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Health & Wellness: 3 tips to create products that shrink waistlines


The sales of better-for-you (BFY) products by 15 major food and beverage companies in the US drove more than 70% of sales growth from 2007 to 2011, according to a report by the Hudson Institute with funding from the Robert Wood Johnson Foundation.

In the study, BFY products were defined as no-, low- and reduced-calorie items, such as flavored waters and diet sodas.

They also include products that generally are perceived to be healthier, such as yogurts and wholegrain cereals.

More retailers are also making space to accommodate these products, and this “real estate” is gaining prominence in terms of visibility and size.

This indicates that consumers are responding positively to functional, BFY food and beverages, as healthier, lower calorie versions of products such as full fat, high sugar and salt crisps, baked goods and jams fill the shelves.

Not to be left out in the cold, you can consider incorporating these three tips when you develop products that go easy on the weighing scale.

3D modeling intelligence

Data from a three-dimensional mastication modeling software can help you understand how a piece of full fat chocolate is consumed in the mouth.

Such data (control) could provide you with insight on an ideal, consumer-accepted mouthfeel.

Next, test your formulated product (that is similar to a piece of chocolate) with reduced amounts of sugar, salt, fat or starch with the software; compare these results with those of the control.

After seeing how your product fares against the control, make adjustments to the formulation to close the gap.

One such 3D mastication modeling was demonstrated by the Commonwealth Scientific and Industrial Research Organisation (CSIRO) in Melbourne, Australia on April 15, 2014.

CSIRO biomechanical engineer and computer modeller, Dr Simon Harrison modelled a caramel filled Easter Egg to see what happens when the 3D virtual mouth takes a bite.

“Using a technique called smooth particle hydrodynamics, we’ve developed a virtual mouth built on real data about the physics of chewing. It predicts how a particular food breaks down and how flavor is released in the mouth.”

Increase density of food, beverages to encourage chewing

Of the numerous weight loss strategies available to consumers, the act of chewing food thoroughly is said to help one feel full faster while ingesting fewer calories.

This prevents people from wolfing down their food in great quantities, often mindlessly.

According to a study by a team of Japanese researchers on 454 female Japanese dietetic students aged 18–22 years, it was found that students who ate hard foods such as raw carrots and broccoli from February to March 2006 reported smaller waistlines.

“Whereas no association between dietary hardness and body mass index (BMI) was seen, increasing dietary hardness was associated with lower waist circumference even after adjustment for BMI in free-living young Japanese women,” concluded the study, which was published in The American Journal of Clinical Nutrition in 2007.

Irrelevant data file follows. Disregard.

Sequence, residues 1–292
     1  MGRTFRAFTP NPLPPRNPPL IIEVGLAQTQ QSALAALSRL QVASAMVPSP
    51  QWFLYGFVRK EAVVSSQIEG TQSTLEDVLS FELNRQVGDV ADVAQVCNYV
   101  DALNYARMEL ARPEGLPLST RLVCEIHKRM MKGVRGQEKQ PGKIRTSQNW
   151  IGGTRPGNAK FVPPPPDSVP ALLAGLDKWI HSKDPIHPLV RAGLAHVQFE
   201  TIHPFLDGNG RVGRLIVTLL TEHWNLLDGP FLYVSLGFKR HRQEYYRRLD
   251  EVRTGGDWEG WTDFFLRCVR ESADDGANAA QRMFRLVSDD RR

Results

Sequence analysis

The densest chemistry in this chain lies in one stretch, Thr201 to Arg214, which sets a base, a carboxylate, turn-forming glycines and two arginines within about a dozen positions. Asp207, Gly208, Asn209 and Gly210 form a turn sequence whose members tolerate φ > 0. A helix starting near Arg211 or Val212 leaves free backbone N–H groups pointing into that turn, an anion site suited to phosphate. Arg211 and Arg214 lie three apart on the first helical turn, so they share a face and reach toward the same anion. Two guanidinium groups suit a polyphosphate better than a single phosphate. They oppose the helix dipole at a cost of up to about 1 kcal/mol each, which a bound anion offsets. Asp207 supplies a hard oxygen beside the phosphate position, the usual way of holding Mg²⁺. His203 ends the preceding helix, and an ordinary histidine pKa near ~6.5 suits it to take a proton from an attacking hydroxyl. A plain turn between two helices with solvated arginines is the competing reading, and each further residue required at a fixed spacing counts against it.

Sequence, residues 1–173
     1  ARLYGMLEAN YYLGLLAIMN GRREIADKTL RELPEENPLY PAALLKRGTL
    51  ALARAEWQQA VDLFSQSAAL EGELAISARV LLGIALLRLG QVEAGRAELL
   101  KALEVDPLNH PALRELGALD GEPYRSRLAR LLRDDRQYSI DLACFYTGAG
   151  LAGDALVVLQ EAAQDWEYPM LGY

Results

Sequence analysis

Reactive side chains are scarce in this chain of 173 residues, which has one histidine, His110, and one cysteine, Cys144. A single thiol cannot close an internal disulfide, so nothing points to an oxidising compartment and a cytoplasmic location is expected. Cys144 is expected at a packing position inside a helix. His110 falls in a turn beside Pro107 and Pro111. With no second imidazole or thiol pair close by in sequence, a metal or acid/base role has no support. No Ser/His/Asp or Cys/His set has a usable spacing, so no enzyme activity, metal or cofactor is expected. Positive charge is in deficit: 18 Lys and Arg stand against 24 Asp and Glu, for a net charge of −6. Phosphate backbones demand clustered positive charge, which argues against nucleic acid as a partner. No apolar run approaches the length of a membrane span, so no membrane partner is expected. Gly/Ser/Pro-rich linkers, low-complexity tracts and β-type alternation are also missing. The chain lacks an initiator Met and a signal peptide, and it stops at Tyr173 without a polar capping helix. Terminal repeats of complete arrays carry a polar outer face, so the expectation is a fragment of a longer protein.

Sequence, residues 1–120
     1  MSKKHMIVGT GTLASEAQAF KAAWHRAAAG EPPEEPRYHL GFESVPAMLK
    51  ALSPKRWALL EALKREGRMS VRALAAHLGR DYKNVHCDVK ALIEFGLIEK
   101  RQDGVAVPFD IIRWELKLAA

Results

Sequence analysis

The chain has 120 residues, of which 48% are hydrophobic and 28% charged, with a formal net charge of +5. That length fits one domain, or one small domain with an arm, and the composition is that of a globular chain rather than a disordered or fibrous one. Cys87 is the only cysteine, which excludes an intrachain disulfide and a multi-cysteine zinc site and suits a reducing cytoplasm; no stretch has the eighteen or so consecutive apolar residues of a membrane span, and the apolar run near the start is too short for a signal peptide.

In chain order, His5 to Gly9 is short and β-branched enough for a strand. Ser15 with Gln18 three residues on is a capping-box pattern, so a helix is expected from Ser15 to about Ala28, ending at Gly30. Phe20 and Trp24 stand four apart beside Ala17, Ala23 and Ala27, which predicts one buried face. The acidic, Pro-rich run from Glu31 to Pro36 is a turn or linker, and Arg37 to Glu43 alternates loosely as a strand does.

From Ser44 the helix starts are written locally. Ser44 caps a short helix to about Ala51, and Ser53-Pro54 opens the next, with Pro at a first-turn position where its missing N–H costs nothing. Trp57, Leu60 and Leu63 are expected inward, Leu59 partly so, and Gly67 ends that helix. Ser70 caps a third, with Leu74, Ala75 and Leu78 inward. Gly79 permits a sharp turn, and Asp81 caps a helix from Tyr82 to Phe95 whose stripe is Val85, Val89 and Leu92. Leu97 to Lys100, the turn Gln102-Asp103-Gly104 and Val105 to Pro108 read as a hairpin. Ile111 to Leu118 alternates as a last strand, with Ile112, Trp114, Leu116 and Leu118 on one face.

Be inspired to create high density; fibrous products that require much chewing to appeal to consumers who are looking shrink their waistlines.

They could be food bars for on-the-go consumers containing dried fruit (sweet treats) or savory nuts and dried meat jerky (salty snacks) and grains such as millet, unpolished rice and barley to get consumers chewing their way to a smaller waistline.


Food labels have been a boom for functional products as they provide information such as calories, serving size, nutritional value and ingredients used to consumers.

Manufacturers have also created portion controlled, single serve packs in creative packaging shapes to drive home the point of them encouraging weight loss.

Besides packing low-calorie products like the way the full calorie versions are done, such as a can of tuna in mayonnaise, consider packing the low-fat version in a contoured, body shape-like flexible, retort package with a resalable closure.

On the packaging, offer information on low-calorie add-ons such as mixing a cup of raw, chopped carrots or celery into the bag for a convenient meal or quick snack.

This way, you have:

  • introduced a fun way to consuming your product,
  • gave consumers an option to “up size” their meals sans the calories,
  • empowered them to lose weight by taking out the guesswork in counting the calories and portions for them, and
  • provided a packaging model to replicate in other products such as beans, grains, meat and breakfast cereals.

The opportunities for innovation are endless.

Be inspired to make the change and improve your bottom-line by experimenting on new ways of reaching out to your weight-conscious consumers.